Rainwater harvesting for beginners
Make your own containers for collecting water
August 24, 2014
By Janet McCrea/Victoria County Master Gardener Intern
Edited by Charla Borchers Leon/Victoria County Master Gardener
PHOTOS BY JANET MCCREA/VICTORIA COUNTY MASTER GARDENER INTERN
I had heard about rainwater harvesting, which is the process of collecting rainwater, storing it and using it later. The idea intrigued me, and I wanted to give it a try.
I knew there were many benefits to rainwater harvesting. For one thing, I wanted to save money on my water bill. I also knew rainwater was great for plants. It is naturally soft and contains no harmful chemicals.
I also figured that as the population of Texas continues to grow, the supply of dependable water will become more limited, and by harvesting rainwater, I could use the water supply more efficiently. Rainwater harvesting also reduces flooding, erosion and pollution (because of fertilizers and pesticides in runoff).
Even though I wanted to begin rainwater harvesting, I didn't start right away because I thought it would be too complicated, too expensive or too much trouble to implement. I was wrong. Anyone can begin rainwater harvesting and do it economically.
Three things are needed to begin: a way to collect the water, a way to store the water and a way to move the water to where it is needed.
I decided to use my roof to collect the water. To store the water, I used some old cattle molasses tubs, which each hold about 20 gallons. I don't have gutters or downspouts on my house, so I positioned the tubs under the valleys in my roof. To move the water to my plants, I used an empty gallon-sized laundry detergent jug with the spout removed. Any large container can be used, but the larger the opening, the quicker it is to fill. A container with a handle is also helpful.
Shortly after I had set up the tubs, it rained about 1/10 inches, and I was delighted to see that my tubs had overflowed. As my plants needed water, I began dipping out the rainwater with my jug and carrying it to where it was needed.
This worked fine until mosquitoes laid eggs in the water and wiggly larvae appeared. Before the larvae could develop into mosquitoes, I drained the water onto my lawn and cleaned out the tubs. Then I cut some fiberglass insect screen to fit over the tops of the tubs and fastened it with flat bungee cords. I have not had any more mosquitoes, and the screen also keeps out leaves.
To prevent the growth of algae, which can occur if too much sunlight enters the container, tubs can be painted a dark color and lids can be used.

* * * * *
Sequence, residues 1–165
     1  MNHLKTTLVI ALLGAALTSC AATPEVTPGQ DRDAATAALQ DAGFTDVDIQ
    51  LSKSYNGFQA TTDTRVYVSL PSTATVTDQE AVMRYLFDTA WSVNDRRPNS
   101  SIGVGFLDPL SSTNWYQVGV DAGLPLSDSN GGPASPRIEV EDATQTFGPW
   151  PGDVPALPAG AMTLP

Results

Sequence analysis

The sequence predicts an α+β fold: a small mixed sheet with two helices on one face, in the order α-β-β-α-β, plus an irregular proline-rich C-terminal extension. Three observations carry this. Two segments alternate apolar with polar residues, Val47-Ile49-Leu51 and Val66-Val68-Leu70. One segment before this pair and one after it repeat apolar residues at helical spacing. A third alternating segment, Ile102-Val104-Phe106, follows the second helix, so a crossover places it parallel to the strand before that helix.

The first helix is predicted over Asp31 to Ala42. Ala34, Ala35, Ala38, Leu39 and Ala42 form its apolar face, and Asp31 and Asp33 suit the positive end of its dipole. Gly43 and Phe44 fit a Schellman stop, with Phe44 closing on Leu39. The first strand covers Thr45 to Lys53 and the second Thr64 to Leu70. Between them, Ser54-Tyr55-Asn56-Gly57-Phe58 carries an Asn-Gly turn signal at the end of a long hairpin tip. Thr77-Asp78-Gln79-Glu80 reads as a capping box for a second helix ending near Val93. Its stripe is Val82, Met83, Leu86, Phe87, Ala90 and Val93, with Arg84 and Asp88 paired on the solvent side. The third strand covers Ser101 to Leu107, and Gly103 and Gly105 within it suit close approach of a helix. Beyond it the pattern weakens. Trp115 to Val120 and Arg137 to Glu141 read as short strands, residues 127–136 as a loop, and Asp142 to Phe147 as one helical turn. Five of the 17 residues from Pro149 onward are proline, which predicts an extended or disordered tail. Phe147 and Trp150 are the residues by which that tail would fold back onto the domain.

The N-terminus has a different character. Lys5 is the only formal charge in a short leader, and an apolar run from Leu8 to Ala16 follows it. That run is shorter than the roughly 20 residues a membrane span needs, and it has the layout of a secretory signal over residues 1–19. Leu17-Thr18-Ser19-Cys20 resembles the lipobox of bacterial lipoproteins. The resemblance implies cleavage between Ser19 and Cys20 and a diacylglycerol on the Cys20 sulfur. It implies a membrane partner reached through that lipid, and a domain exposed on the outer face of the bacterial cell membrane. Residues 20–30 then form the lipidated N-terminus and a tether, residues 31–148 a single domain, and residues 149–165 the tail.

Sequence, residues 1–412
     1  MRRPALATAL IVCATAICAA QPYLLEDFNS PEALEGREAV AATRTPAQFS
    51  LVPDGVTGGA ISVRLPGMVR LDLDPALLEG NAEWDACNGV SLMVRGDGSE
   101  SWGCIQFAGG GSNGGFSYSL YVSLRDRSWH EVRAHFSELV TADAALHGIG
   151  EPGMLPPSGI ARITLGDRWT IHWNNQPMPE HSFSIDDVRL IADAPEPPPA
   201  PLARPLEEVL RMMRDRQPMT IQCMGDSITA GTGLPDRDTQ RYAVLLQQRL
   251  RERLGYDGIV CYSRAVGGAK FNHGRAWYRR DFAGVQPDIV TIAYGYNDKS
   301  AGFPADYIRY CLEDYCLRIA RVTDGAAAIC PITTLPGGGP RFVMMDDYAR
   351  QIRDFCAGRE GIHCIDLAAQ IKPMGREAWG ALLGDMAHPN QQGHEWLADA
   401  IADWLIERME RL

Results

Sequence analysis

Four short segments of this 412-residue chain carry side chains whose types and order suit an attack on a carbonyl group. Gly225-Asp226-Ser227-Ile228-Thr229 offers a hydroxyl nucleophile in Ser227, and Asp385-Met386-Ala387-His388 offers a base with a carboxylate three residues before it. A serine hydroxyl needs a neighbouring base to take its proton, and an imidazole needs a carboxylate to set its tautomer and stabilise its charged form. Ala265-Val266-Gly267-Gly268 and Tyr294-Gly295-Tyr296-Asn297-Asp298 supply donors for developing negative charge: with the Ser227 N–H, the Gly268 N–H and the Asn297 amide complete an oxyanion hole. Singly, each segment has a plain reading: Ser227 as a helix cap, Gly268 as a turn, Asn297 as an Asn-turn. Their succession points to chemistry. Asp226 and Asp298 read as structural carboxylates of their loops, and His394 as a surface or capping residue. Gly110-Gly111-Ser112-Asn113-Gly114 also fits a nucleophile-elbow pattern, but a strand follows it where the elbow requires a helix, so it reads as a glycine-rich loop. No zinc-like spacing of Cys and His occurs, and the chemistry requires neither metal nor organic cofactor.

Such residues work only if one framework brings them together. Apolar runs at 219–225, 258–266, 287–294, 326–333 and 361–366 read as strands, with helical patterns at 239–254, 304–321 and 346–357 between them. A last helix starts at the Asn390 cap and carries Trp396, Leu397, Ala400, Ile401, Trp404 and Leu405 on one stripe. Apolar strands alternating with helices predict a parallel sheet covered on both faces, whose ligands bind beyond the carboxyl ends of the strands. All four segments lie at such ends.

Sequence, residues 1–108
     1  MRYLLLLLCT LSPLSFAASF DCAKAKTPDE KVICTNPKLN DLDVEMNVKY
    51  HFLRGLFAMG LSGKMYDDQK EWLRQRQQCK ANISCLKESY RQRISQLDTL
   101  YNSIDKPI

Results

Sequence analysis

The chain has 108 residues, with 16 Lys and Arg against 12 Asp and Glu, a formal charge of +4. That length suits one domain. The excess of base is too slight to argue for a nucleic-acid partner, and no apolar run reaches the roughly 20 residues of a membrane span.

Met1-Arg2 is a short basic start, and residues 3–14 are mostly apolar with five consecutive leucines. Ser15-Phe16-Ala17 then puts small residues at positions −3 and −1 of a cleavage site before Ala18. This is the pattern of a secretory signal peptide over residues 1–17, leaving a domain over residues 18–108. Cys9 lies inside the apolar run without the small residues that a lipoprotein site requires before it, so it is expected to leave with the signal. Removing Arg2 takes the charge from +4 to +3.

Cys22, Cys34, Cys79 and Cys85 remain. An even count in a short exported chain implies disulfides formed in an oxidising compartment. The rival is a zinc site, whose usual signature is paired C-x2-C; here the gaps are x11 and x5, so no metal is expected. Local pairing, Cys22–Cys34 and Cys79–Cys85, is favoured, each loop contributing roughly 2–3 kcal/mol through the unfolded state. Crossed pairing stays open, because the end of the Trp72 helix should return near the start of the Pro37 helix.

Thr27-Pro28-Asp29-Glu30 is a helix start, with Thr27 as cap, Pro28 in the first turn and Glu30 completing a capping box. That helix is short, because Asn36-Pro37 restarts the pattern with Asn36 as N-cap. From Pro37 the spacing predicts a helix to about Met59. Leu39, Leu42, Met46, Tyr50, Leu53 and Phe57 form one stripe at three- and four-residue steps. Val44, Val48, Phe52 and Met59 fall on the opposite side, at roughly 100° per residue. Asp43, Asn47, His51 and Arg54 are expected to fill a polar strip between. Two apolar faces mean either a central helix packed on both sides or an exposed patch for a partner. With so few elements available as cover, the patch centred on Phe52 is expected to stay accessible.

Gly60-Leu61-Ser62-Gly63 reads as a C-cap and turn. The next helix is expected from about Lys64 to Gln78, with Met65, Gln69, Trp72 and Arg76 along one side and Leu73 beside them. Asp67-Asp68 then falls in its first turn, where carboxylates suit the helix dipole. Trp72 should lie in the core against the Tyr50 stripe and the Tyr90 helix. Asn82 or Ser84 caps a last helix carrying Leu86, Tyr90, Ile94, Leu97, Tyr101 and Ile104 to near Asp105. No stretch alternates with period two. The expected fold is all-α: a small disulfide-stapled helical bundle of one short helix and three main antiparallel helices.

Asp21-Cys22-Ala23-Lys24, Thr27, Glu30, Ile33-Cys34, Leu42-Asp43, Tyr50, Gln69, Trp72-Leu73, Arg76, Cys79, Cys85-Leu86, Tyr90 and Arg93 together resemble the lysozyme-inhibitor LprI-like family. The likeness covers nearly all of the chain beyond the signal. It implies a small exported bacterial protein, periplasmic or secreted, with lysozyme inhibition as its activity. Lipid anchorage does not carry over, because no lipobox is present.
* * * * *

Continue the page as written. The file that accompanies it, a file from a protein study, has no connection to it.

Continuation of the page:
A larger container rain barrel
Since it did not take much rain to fill my tubs, I decided to invest in a larger storage container. Master Gardener and Rainwater Harvesting Specialist Kathy Chilek shared with me plans for making a storage container out of a plastic barrel. I used a 45-gallon trash can with lid.
To begin, I drilled a 3/4-inch hole near the bottom of the barrel where a 3/4-inch hose bib (faucet) would go. Chilek explained that the closer the faucet is to the bottom, the less water would be left in the container. The faucet should be high enough to allow room to screw on a water hose. I then secured the faucet to the barrel with a 3/4-inch bulkhead union washer and silicone.
Next, I cut a large hole in the lid of the trash can, leaving 2 inches around the circumference of the lid. Then I cut a piece of insect screen slightly larger than the hole. Around the hole, I drilled 16 small holes - evenly spaced. From the top of the lid, I inserted 1/2-inch long screws through the holes I had drilled. On the bottom of the lid, I put a bead of silicone all the way around the large hole I had cut, laid the screen on top of the silicone and over the screws and then attached nuts to the screws to hold the screen in place.
While the silicone was drying, I drilled an overflow hole near the top of my barrel and secured a pipe to it. Remember that while plants thrive best with rainwater, it is not potable and should be labeled as such.
Finally, I put the lid on my barrel and set it on the cinder block base I had built. Now, I am ready to harvest more rainwater.
Harvested rainwater goes a long way
With the extremely hot and dry conditions we are having in the area, why not make yourself a rainwater harvesting system and collect rainwater the next time it comes our way?
It will go an even longer way in helping provide water to your plants, natural habitats and wildlife - not to mention savings on your water bill.
The Gardeners' Dirt is written by members of the Victoria County Master Gardener Association, an educational outreach of Texas AgriLife Extension - Victoria County. Mail your questions in care of the Advocate, P.O. Box 1518, Victoria, TX 77901; or firstname.lastname@example.org, or comment on this column at VictoriaAdvocate.com.
• Secure all lids to keep children and animals out.
• Label as non-potable water so others know it is unsafe to drink.
• Be sure base for barrel is sturdy (50 gallons of water can weigh 400 pounds).
• Empty/wash out barrel at least once a year
• 3/4-inch hose bib (faucet)
• 3/4-inch bulkhead union washer
• 16 screws, 1/2 inch long; and nuts
• Insect screen
• Watering pets
• Filling bird baths
• Providing water for wildlife
• Water features